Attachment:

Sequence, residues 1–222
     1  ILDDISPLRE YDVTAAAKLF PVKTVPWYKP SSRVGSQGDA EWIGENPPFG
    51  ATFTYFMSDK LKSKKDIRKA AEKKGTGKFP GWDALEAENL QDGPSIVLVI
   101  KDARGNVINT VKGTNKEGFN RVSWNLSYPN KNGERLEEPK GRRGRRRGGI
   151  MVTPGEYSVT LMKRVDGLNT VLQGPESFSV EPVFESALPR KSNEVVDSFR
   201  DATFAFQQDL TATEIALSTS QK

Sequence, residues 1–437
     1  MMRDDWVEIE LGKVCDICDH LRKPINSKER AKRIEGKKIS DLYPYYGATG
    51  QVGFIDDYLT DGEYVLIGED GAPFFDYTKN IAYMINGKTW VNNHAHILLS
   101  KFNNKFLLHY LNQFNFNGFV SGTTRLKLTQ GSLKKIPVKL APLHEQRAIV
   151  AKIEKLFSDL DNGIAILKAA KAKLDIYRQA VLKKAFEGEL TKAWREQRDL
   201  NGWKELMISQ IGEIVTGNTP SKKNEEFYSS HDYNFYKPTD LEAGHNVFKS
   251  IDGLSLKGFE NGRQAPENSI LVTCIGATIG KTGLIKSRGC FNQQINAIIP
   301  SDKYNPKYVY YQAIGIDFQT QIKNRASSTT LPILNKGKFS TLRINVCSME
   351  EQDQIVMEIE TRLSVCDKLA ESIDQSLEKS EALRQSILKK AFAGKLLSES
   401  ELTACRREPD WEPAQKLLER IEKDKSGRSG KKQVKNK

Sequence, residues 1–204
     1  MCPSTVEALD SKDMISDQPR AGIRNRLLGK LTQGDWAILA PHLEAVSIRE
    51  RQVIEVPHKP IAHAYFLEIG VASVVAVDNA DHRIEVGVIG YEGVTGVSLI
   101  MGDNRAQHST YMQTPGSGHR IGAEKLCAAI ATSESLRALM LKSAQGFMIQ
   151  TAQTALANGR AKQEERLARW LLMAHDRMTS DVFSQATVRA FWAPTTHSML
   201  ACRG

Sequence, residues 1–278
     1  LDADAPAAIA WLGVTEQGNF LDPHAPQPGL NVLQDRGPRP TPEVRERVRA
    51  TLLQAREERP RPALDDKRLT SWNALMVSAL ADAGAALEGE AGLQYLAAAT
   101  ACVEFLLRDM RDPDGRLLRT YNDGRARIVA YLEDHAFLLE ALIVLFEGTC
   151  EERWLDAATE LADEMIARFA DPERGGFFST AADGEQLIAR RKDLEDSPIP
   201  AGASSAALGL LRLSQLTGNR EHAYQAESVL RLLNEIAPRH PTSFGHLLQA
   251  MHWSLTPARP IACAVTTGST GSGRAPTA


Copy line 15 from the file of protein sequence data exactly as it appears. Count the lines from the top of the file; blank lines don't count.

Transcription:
   351  EQDQIVMEIE TRLSVCDKLA ESIDQSLEKS EALRQSILKK AFAGKLLSES